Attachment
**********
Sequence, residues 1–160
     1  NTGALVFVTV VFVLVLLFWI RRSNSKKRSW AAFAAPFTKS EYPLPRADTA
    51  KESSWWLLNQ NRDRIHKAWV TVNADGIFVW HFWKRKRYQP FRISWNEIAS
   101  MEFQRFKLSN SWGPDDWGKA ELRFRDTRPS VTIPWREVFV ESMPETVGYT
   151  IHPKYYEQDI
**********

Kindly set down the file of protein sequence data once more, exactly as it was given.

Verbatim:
Sequence, residues 1–160
     1  NTGALVFVTV VFVLVLLFWI RRSNSKKRSW AAFAAPFTKS EYPLPRADTA
    51  KESSWWLLNQ NRDRIHKAWV TVNADGIFVW HFWKRKRYQP FRISWNEIAS
   101  MEFQRFKLSN SWGPDDWGKA ELRFRDTRPS VTIPWREVFV ESMPETVGYT
   151  IHPKYYEQDI